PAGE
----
I walk with my eyes on the hedgerows and edges. I’m a scavenger, a mudlarker, a bottledigger and a hedgewitch. My eyes dart to anything that shines, a habit that’s filled my house with the detritus of many lives.
But one day – the third-best day of my life! – I discovered the village dump. Just across the road, right under my nose, an acre of household trash dating back a hundred and fifty years. Older than my house, older than my grandparents, older than anyone alive.
There it was: the glint. My eye caught, I plunged into the thicket. And as I walked, I saw glass. Glass everywhere. Any way I turned, the glitter of glass.
I picked up bottle after bottle, stunned and elated. This was my Sutton Hoo, my hoard, my grail.
Over the next days, I climbed further and further in, through thorns and brambles. On hands and knees sometimes, scrambling through bracken tunnels and over gnarled roots. I came across caches of treasure, the bottles changing as I went back in time. Bubbles bloomed where previously all had been smooth and perfect. When I began to dig, I could date the depth by flaws in the glass, manufacturer marks.
It’s amazing to think that little more than a hundred years ago, we simply didn’t have the technology to keep bottles closed. Screw tops weren’t common until the early twentieth century. Before that, manufacturers tried rubber, pottery lids held on with wire – and the bizarrely ingenious Codd bottle that had a glass marble in its throat, suctioned tight and then pushed in for drinking. Kids would smash the bottle to retrieve the marble, so I have yet to find one whole.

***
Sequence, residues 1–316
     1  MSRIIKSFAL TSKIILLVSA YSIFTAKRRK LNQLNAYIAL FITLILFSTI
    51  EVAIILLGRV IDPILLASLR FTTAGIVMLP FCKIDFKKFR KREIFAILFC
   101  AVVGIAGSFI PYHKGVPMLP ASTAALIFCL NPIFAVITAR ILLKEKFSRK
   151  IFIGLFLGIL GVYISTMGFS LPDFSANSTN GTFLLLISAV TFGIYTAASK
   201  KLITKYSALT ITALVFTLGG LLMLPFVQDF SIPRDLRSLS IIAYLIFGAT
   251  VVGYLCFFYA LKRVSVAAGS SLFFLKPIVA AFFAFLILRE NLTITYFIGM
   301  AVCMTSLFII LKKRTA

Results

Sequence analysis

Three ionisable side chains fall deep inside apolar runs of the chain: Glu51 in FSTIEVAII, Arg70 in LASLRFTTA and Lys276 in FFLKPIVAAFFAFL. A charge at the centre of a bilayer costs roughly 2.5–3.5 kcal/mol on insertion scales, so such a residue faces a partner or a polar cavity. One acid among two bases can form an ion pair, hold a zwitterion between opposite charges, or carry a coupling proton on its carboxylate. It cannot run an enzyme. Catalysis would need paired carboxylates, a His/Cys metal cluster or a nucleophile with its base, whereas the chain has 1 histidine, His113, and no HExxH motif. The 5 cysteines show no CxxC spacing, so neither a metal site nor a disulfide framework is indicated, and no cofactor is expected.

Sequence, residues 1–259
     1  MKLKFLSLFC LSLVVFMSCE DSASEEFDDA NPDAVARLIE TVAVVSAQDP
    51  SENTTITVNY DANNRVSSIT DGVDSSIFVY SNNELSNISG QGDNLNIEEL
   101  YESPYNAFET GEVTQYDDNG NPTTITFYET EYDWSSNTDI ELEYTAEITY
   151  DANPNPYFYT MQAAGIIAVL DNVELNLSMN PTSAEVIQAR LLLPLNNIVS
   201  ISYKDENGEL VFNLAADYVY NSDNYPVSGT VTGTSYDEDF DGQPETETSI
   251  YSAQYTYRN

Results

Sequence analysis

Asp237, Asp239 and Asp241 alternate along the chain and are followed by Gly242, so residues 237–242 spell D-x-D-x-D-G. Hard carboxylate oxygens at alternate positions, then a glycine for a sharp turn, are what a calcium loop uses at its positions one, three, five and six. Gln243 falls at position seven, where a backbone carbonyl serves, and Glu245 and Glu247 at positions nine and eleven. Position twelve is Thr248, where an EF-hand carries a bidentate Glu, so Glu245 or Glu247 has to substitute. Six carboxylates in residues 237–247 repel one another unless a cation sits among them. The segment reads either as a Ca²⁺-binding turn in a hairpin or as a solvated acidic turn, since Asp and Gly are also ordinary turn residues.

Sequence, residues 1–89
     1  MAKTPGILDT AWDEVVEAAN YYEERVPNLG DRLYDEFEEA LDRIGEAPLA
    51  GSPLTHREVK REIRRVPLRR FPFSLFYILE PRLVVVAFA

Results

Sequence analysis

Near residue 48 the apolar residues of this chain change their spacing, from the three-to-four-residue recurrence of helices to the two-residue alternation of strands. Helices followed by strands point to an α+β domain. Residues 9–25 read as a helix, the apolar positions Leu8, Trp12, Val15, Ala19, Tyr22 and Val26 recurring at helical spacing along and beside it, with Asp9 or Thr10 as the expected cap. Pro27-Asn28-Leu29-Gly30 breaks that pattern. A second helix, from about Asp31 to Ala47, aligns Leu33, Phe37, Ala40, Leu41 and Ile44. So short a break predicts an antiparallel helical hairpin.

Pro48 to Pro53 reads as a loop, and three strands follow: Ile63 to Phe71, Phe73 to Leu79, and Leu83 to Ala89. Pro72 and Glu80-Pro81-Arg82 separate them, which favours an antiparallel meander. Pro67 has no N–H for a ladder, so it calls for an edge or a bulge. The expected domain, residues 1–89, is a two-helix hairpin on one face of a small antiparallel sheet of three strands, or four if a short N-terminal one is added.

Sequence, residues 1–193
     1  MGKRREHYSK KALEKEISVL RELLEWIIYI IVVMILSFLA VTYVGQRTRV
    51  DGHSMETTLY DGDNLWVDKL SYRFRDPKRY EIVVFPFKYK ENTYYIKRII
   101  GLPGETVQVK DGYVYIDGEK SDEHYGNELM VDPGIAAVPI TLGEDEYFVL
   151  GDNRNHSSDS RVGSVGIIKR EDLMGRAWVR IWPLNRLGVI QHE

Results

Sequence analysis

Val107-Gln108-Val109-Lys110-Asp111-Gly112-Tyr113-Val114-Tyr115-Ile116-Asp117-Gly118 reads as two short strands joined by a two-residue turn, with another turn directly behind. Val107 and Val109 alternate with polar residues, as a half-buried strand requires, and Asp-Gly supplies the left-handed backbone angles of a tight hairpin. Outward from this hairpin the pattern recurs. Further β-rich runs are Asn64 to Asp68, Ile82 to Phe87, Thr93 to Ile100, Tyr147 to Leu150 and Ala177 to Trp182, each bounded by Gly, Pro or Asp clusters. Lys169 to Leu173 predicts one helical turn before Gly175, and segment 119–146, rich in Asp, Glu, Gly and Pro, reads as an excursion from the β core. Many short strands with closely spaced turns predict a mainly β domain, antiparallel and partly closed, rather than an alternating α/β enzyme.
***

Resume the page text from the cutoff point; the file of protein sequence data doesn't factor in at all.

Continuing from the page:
Poisons and tinctures. Pills, cordials, honey. Perfume. Brylcream, milk of magensia, Horlick’s Malted Milk Lunch Tablets. Forgotten things, once vital.
And the colours: clear, aqua, green, cobalt, amber. Ridged to show poison in darkness. Embossed with men’s names, men’s lineages. I see Chichester, Petersfield, Midhurst. Surrounding villages, filled with people both employed and supplied by these men. How galling, to see the name of your master in your cupboard.
Such workmanship, to be thrown away. But when I look inside my fridge, I see echoes of this need we have, to make the mundane beautiful. To stand out among the jam jars. Lineages are still marching in our cupboards, but few will march to the grave. We’ll melt them, turn them into new bottles. They won’t be buried for some bold ghoul to find in the next century.
Graves, always in my mind. If I stop for a moment, branches closing above me, the silence is oppressive. The feeling of digging up bodies can reach up with its damp embrace, threatening to pull me in.
All these lives. Messages in bottles, a story from the dead. A hand fumbling for the right bottle as a baby cried in the night, a cough that was soothed. This art deco uranium glass in a lady’s toilette, her precious ration of perfume small because it was the most she could afford.
I bring them home, empty out the grave dirt. My house is a mausoleum to the commonplace because that’s life itself. The things we touch every day and the problems we choose to treat with someone else’s solution. We buy answers. Perhaps that’s what I’m really looking for.
So, I dig.